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Clicking The 'Like' Button Is Protected Speech, Court Rules

A videographer shoots the side of Facebook's Like Button logo displayed at the entrance of the Facebook headquarters in Menlo Park, Calif. i i

hide captionA videographer shoots the side of Facebook's Like Button logo displayed at the entrance of the Facebook headquarters in Menlo Park, Calif.

Kimihiro Hoshino/AFP/Getty Images
A videographer shoots the side of Facebook's Like Button logo displayed at the entrance of the Facebook headquarters in Menlo Park, Calif.

A videographer shoots the side of Facebook's Like Button logo displayed at the entrance of the Facebook headquarters in Menlo Park, Calif.

Kimihiro Hoshino/AFP/Getty Images

Clicking the "Like" button on Facebook is tantamount to other forms of protected speech, a federal court decided on Wednesday. That is, clicking Like is protected by the First Amendment as a form of assembly or association.

Bloomberg reports:

"The U.S. Court of Appeals in Richmond, Virginia, issued its ruling today in a lawsuit brought by former employees of a sheriff's office who said they lost their jobs because they supported their boss's opponent, partly by endorsing a campaign page on Facebook.

"The appeals court reversed a lower-court judge who said that simply clicking the 'Like' button on a Facebook page didn't amount to 'a substantive statement' that warrants constitutional protection."

The Atlantic explains a bit further:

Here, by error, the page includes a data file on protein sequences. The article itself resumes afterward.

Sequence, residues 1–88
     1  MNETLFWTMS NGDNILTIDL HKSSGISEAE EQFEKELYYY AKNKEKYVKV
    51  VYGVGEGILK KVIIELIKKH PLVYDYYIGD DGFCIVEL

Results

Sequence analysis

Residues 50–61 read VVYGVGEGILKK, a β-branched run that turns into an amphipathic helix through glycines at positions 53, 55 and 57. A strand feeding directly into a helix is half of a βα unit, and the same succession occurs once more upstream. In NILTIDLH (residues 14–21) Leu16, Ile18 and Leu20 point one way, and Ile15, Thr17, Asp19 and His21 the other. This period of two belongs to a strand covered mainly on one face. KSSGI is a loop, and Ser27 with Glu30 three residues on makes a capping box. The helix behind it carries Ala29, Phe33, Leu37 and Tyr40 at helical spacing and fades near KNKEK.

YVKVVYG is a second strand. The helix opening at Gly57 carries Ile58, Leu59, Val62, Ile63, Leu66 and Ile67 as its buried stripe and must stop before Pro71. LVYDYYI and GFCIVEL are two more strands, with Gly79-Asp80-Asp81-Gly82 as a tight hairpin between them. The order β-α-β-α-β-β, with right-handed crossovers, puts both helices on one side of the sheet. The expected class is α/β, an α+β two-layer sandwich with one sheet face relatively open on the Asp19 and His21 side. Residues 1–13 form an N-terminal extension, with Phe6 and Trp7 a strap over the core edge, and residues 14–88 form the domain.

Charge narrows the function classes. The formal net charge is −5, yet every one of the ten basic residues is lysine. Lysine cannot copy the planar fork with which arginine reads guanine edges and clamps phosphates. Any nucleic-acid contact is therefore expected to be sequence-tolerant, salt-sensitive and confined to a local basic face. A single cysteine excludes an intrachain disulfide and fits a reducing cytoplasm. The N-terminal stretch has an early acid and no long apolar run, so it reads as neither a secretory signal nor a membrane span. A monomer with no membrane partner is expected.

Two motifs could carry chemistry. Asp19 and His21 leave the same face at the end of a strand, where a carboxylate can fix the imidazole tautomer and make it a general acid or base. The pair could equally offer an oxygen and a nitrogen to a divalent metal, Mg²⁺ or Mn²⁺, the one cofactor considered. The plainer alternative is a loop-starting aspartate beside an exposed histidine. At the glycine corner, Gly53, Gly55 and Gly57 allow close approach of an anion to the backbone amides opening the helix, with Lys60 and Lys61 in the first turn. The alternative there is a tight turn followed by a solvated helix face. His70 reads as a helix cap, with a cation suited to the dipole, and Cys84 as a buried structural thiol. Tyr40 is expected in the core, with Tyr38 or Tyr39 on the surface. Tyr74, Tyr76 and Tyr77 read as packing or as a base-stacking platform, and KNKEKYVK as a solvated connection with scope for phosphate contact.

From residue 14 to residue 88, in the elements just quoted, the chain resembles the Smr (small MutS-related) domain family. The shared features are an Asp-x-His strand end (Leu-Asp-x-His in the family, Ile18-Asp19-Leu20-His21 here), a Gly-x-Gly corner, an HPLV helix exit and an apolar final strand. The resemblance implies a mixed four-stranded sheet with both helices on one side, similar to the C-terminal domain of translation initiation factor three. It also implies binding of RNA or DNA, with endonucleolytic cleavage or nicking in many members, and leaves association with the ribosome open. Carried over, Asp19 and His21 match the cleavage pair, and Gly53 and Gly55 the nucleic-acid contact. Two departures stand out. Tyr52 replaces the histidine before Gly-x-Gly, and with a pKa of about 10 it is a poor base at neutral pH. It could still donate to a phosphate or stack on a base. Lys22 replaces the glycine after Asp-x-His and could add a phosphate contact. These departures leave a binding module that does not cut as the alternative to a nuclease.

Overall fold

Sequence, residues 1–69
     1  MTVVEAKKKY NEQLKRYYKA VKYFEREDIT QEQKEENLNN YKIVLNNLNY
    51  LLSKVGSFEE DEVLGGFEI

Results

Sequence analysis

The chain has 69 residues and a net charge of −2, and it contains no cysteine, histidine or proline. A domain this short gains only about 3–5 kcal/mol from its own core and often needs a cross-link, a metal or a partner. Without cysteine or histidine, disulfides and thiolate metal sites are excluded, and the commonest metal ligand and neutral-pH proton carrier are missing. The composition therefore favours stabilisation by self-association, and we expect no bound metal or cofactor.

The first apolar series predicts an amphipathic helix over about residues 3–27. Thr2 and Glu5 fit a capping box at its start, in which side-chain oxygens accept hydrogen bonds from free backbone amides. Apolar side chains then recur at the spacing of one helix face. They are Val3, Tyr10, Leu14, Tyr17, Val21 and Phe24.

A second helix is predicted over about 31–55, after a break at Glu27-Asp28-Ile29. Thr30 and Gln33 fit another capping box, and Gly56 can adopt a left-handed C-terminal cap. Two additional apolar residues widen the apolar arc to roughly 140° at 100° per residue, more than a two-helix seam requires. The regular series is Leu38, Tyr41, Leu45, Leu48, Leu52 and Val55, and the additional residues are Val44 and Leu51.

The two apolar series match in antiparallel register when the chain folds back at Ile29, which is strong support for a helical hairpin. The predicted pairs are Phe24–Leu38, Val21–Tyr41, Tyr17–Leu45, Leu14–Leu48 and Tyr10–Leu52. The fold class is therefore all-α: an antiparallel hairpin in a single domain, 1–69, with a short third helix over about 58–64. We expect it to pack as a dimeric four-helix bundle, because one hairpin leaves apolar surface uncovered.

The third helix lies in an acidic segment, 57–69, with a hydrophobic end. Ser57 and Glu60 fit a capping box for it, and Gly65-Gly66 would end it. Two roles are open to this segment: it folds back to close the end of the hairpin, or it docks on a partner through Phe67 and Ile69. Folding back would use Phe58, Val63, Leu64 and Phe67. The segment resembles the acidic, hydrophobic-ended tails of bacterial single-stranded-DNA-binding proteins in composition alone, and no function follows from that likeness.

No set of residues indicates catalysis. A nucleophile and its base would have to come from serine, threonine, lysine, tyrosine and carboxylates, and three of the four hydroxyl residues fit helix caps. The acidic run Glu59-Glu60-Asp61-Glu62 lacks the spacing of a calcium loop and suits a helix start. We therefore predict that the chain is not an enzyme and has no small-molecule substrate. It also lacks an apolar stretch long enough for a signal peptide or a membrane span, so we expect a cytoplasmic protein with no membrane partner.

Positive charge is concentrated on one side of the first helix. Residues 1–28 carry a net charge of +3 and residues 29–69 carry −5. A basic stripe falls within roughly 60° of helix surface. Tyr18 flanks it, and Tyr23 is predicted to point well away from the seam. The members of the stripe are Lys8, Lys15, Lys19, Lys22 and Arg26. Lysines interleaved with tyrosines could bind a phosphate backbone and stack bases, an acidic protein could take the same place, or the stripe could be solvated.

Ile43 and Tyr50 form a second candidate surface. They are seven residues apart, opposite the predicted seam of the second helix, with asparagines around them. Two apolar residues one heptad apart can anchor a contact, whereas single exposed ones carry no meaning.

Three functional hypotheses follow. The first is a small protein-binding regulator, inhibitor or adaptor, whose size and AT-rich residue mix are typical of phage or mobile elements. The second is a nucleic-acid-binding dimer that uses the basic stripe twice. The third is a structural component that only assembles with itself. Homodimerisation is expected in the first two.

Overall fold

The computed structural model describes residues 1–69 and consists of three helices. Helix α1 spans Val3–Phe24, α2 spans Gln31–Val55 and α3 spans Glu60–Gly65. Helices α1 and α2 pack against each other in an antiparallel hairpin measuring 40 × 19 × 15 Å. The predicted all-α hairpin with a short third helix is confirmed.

"The question Bland v. Roberts really explores is the extent to which digitally mediated expressions are, indeed, expressions in the same way that petitioning and pamphleteering and, yes, speech-making are. In the case of the Like button, does a form of expression so devoid of creativity on the part of the expresser — to click or not to click — deserve protection?

"Judge Jackson's answer was no. When he dismissed the suit last year, he did so under the logic that First Amendment freedoms may be extended only to 'substantive statements' — to digital speech in the strictest sense of the term.

"The appeals court's decision reverses that, widening the definition of speech to include, yep, the click of a button. Simple signals of intention and reaction — the most individually uncreative forms of expression imaginable — are now enshrined as constitutionally protected conduits of self-expression."

U.S. Circuit Judge William Traxler compared liking something on Facebook to displaying a political sign on your front yard, which the Supreme Court has found to be "substantive speech."

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